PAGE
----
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But it gets better!  His business is even getting featured on an upcoming bottle of Sam Adams!

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Anyway, I tell this story, not because it’s a “success” story from a previous event, but rather because I think it highlights the importance of taking chances for entrepreneurs.  Kris took a chance on the event… met up with some great people… networked, networked, networked… and is making great things happen!  I’ve become a firm believer that one of the keys to turning the economy around is helping more of these innovative entrepreneurs and I feel super fortunate that D&B Credibility is organizing these funding events to do just that!

1229993_560128970689613_980300401_nNow’s your chance to take a chance!

Sign up for a ticket while they’re discounted on top of Super-Early Bird Specials! (note: we haven’t started to do any real marketing around this event yet… but it will come and it will be big!  I’m only pushing this out early because they let me and I love that I can offer something great to the RCG community!)

And of course, let me know if you have any questions!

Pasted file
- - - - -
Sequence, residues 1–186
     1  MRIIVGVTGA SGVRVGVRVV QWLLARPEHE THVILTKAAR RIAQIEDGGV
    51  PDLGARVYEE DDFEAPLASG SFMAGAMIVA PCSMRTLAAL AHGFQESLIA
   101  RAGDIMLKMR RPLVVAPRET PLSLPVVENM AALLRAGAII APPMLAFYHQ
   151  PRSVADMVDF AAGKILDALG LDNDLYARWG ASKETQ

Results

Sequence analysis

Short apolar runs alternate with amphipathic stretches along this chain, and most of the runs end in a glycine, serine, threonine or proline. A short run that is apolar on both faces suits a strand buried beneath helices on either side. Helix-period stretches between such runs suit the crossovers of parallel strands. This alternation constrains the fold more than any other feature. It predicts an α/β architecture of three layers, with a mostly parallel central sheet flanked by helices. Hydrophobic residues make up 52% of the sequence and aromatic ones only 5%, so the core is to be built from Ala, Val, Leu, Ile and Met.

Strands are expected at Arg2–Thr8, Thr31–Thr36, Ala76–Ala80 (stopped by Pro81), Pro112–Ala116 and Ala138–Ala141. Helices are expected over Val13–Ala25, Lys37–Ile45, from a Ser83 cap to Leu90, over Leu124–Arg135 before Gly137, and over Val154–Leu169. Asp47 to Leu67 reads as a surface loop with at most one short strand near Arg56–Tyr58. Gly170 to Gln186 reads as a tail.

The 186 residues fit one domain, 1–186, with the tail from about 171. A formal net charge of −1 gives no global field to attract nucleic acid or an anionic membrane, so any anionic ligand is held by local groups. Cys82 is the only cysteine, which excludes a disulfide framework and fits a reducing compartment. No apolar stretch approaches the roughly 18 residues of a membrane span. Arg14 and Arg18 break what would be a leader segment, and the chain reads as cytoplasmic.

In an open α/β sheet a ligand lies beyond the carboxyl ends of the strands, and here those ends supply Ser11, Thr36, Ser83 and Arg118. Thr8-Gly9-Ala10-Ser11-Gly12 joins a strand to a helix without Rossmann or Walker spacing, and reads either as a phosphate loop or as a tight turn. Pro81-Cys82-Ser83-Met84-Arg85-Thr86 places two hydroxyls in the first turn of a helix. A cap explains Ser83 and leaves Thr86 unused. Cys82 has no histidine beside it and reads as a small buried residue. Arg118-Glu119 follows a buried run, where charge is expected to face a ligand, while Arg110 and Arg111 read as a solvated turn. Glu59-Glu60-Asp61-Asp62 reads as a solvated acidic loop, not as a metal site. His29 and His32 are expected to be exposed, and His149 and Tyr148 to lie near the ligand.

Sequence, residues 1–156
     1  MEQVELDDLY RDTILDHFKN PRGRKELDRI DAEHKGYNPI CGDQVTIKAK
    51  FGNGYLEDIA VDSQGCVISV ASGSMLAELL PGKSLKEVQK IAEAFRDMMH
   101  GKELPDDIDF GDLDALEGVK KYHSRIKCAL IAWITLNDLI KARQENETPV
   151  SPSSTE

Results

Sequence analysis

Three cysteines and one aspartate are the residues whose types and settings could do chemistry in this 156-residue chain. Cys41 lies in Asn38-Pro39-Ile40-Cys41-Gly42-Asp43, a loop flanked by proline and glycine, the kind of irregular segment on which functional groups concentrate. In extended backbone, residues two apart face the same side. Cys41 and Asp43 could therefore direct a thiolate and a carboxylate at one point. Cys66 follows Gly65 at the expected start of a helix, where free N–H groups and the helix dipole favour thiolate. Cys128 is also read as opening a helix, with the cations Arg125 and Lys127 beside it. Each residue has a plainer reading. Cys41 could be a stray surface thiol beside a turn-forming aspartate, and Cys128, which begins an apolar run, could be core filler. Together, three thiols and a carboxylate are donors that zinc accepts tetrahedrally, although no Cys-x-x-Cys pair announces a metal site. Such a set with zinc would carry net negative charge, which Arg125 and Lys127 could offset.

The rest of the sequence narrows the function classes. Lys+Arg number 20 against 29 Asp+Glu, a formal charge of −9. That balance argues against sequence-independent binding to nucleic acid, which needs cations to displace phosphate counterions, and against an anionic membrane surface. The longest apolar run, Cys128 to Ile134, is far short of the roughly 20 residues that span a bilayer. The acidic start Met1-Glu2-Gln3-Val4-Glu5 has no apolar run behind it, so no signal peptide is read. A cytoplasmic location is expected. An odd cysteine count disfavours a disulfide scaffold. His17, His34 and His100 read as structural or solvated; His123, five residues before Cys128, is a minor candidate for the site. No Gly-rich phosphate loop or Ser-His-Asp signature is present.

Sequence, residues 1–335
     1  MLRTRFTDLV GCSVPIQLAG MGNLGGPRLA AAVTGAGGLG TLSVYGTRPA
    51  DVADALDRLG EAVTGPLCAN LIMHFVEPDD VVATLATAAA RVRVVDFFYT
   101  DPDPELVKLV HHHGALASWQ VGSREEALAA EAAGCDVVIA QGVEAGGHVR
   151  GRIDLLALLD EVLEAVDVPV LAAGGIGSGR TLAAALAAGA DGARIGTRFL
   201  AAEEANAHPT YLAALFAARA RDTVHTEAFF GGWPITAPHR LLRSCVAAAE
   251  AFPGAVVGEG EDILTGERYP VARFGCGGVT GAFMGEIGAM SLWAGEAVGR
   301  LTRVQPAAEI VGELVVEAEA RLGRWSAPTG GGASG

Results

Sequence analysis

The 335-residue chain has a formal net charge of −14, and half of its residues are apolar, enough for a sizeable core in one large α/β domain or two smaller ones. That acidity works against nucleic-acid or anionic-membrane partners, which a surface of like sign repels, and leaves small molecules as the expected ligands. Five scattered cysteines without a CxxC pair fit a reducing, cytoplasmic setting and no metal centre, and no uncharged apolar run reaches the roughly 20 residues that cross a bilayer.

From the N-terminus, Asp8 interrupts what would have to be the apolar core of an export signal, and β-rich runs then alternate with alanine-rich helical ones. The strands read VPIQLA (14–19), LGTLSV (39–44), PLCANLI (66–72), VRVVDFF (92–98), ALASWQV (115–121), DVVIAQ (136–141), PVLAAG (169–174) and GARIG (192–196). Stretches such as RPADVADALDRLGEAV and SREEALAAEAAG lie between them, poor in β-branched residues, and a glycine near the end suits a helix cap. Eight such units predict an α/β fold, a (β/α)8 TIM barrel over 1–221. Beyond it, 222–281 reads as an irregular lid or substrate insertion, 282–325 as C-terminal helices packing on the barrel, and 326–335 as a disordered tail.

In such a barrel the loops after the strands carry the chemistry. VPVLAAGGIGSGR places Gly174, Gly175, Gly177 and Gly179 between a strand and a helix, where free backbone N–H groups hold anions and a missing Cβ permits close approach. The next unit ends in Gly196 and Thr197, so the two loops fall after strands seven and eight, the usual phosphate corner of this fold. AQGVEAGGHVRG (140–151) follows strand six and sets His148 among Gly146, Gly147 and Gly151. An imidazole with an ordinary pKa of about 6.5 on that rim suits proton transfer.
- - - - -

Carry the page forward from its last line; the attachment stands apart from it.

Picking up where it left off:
Fannie Mae adds Speed Bump Prior to Funding Your Mortgage

photo compliments of veggiefrog via Flickr

photo compliments of veggiefrog via Flickr

Effective on loan applications taken on June 1, 2010 or later, Fannie Mae is requiring lenders to confirm that undisclosed liabilities are not present prior to funding a transaction as part of their Loan Quality Initiative (LQI).   Currently a credit report is pulled and is valid for a specific amount of time–as long as the transaction closes prior to the expiration of the credit report, it typically is not repulled.   Fannie Mae is now requiring the lender to make sure that there is no new or undisclosed credit at closing.   Relying on the original credit report pulled at application is no longer good enough.

Fannie Mae’s FAQs suggest these tips for lenders to help confirm there are no undisclosed liabilities:

  • Retrieving a refreshed credit report just prior to the closing date and reviewing it for additional credit lines.
  • Utilizing new vendor services to provide borrower credit report monitoring services between the time of loan application and closing.
  • Direct verification with a creditor that is listed on the credit report under recent inquiries to determine whether a prospective borrower did in fact obtain credit or enter into a financial arrangement that is not disclosed on the loan application.